KINGSTON, Jamaica — A former Cayman Islands premier who faces 11 criminal charges and was ousted from leadership last year went into Wednesday's general elections with an outside chance of returning to power in the British Overseas Territory.
McKeeva Bush's United Democratic Party was one of two parties given a distant shot at winning outright in the voting for all 18 seats in the legislature. But since no party fielded candidates for all the seats, most observers said a coalition government was likely for the three-island territory of about 56,000 people.
There are no reliable political polls in the Cayman Islands, which is the world's sixth largest financial center and a major haven for mutual funds and private equity. Results were expected to be announced Thursday.
Bush's main rival was attorney Alden McLaughlin, head of the People's Progressive Movement, which had a slate of 15 candidates. Bush's party had 12 candidates. Ten seats are needed to win control of the 18-seat legislature.
In December, Bush lost a no-confidence vote and was ousted as premier after being arrested on suspicion of misusing a government credit card, abuse of office and other charges. He has said the police probes are politically motivated and he will clear his name.
Despite the criminal charges against him and his high-profile ouster as leader, Bush expressed confidence he could lead his party to victory.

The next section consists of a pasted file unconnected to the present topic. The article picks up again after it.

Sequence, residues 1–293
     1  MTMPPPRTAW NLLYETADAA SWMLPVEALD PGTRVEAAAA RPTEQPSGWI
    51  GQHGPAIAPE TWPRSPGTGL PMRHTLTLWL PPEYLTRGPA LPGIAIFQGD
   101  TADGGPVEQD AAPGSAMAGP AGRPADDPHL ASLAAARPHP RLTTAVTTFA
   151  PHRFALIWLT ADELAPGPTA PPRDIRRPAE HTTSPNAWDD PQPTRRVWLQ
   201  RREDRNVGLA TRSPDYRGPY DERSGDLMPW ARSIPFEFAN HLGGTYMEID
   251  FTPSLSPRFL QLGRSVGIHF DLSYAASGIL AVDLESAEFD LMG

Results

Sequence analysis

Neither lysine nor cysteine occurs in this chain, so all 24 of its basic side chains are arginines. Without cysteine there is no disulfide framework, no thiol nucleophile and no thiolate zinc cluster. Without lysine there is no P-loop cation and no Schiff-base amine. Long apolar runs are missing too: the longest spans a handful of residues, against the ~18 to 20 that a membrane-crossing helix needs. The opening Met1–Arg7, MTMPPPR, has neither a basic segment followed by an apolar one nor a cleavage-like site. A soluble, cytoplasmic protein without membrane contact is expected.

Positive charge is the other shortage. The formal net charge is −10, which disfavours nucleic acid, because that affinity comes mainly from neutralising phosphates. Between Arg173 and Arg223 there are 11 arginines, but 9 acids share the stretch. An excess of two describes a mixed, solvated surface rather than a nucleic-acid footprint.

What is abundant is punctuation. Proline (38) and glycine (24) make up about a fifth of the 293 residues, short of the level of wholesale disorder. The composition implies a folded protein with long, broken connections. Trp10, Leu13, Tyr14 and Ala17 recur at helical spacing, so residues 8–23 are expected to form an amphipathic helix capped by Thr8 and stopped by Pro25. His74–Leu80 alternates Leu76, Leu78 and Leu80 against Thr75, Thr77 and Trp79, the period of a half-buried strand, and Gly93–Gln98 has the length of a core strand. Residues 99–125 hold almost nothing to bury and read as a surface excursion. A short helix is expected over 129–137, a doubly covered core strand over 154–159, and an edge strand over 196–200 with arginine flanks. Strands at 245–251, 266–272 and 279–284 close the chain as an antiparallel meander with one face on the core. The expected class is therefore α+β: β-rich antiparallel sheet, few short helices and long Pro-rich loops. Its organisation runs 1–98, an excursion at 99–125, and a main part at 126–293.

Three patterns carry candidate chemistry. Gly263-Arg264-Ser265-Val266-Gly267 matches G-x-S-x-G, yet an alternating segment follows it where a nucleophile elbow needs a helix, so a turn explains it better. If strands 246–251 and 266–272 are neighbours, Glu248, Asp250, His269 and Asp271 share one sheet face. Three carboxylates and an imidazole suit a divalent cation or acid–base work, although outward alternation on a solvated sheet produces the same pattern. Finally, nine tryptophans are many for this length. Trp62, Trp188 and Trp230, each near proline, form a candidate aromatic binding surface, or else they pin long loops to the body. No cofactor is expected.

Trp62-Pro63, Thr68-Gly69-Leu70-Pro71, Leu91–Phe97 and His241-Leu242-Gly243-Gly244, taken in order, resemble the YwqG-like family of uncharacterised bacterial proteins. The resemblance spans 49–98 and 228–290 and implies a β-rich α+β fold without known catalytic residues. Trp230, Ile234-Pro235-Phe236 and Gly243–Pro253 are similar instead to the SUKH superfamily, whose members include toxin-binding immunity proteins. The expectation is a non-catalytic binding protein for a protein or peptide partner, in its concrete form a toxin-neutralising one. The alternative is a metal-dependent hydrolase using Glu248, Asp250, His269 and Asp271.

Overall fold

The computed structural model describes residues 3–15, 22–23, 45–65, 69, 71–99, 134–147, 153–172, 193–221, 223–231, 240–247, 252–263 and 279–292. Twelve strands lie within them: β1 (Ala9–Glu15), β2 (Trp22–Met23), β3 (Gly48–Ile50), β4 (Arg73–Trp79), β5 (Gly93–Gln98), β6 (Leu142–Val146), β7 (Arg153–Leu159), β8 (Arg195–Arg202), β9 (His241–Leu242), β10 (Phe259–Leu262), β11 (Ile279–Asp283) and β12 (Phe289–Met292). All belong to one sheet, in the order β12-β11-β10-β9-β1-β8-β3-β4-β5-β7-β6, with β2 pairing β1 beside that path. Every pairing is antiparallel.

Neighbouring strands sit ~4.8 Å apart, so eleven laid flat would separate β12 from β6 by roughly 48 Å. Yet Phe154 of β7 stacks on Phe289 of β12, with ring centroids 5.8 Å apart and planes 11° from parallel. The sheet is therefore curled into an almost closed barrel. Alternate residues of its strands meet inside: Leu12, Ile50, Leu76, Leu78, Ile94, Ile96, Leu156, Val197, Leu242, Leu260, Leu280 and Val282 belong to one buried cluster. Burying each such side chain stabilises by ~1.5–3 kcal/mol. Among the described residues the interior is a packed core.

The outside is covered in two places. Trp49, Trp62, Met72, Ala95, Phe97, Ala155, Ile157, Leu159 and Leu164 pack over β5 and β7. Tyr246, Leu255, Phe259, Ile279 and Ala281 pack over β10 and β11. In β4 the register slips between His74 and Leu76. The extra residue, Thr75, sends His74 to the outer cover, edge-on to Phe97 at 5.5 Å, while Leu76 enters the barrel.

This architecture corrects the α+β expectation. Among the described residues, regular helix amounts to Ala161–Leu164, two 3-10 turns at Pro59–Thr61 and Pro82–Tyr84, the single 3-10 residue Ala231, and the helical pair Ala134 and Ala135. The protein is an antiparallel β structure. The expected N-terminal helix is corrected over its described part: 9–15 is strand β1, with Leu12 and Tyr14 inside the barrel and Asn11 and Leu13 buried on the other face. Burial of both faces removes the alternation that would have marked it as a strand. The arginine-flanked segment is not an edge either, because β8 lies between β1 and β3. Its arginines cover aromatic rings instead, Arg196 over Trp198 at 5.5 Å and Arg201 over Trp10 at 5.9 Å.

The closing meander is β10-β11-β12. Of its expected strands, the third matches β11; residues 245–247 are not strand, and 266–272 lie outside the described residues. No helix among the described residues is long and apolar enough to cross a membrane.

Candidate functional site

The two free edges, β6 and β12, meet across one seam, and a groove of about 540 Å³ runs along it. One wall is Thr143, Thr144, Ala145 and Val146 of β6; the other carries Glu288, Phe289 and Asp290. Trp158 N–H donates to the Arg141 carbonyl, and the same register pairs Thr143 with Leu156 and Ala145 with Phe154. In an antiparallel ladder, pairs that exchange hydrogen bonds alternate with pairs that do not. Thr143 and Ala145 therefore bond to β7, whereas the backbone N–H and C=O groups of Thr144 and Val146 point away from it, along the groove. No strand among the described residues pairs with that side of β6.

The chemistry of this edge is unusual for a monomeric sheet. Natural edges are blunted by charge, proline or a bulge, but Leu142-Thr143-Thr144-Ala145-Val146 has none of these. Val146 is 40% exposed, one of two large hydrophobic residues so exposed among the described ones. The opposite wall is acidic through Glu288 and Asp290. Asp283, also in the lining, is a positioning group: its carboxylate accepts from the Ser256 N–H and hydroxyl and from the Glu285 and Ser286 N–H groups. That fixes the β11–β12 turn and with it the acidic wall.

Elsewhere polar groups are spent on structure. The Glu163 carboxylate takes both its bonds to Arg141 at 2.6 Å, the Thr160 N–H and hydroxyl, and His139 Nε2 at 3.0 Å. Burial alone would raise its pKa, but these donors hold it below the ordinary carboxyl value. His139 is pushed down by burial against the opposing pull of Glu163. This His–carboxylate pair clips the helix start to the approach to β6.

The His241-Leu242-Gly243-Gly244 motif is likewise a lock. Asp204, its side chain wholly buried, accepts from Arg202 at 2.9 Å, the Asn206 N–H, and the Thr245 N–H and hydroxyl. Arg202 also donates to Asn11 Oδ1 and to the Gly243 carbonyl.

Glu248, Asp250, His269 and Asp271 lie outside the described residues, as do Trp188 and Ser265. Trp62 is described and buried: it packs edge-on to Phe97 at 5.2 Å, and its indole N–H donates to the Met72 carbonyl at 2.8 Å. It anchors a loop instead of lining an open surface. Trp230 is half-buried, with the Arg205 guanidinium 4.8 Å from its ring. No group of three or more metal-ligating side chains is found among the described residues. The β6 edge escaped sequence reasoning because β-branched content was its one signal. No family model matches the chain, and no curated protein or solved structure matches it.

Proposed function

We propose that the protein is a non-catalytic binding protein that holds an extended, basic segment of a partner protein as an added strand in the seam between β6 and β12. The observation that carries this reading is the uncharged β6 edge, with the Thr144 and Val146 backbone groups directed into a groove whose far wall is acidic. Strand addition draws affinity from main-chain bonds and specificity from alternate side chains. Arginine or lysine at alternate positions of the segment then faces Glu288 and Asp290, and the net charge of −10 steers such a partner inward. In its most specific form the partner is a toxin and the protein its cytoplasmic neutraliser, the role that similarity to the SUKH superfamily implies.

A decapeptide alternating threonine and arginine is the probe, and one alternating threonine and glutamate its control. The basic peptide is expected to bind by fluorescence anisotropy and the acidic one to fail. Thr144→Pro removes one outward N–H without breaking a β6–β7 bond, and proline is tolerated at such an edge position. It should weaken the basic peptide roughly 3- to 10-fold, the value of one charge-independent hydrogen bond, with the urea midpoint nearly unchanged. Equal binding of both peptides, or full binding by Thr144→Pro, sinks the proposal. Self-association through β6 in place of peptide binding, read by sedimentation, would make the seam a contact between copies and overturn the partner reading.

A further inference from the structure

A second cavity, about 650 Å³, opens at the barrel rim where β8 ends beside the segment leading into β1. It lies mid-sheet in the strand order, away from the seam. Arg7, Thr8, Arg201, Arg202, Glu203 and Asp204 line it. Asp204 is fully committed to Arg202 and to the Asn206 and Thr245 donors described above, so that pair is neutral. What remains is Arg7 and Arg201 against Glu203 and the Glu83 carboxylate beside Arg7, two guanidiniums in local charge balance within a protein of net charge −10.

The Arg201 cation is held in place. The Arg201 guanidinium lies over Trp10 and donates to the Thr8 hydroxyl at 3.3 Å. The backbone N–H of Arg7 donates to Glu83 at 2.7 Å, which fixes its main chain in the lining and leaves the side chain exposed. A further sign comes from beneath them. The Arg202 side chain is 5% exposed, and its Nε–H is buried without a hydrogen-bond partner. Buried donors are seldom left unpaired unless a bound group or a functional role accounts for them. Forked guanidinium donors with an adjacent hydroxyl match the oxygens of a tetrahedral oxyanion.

"I've been knocked down a lot, but I get back up and I don't dwell on the past," Bush told TV station Cayman 27.
After Bush's removal as premier, a breakaway faction of his splintered party formed a lame duck government as the People's National Alliance. They fielded five candidates, including Premier Juliana O'Connor-Connolly.
Election officials said there were 18,492 eligible voters and nearly 80 percent of them turned out Wednesday at polling stations. There were 56 candidates in all, nearly half of them independents. The recently created Coalition for Cayman, a potentially influential political advocacy group, promoted seven independents.
Once results are announced, it could take a week for a coalition government to be forged and a new premier to be chosen if neither of the two main parties dominates the vote. If no single party wins, Cayman's constitution mandates that all elected members of the legislature cast their votes in a leadership ballot.
The two main parties have similar manifestos pledging to protect the islands' financial services industry, boost tourism, create jobs and lower the cost of living.
McLaughlin blasted Bush's previous administration, saying the last four years had been a time of tense relations with Britain and "corruption and rumors of corruption." He said Bush's arrest on corruption charges damaged the territory's reputation and harmed the government's credibility with foreign investors.
Relations with Britain were strained under Bush, who described the British-appointed Gov. Duncan Taylor as his "enemy" and implied Taylor was behind his arrest.
First elected in 1984, Bush is the islands' longest serving politician. He remained a lawmaker after being ousted as premier.
The vote was being observed by a team from the Commonwealth Parliamentary Association.
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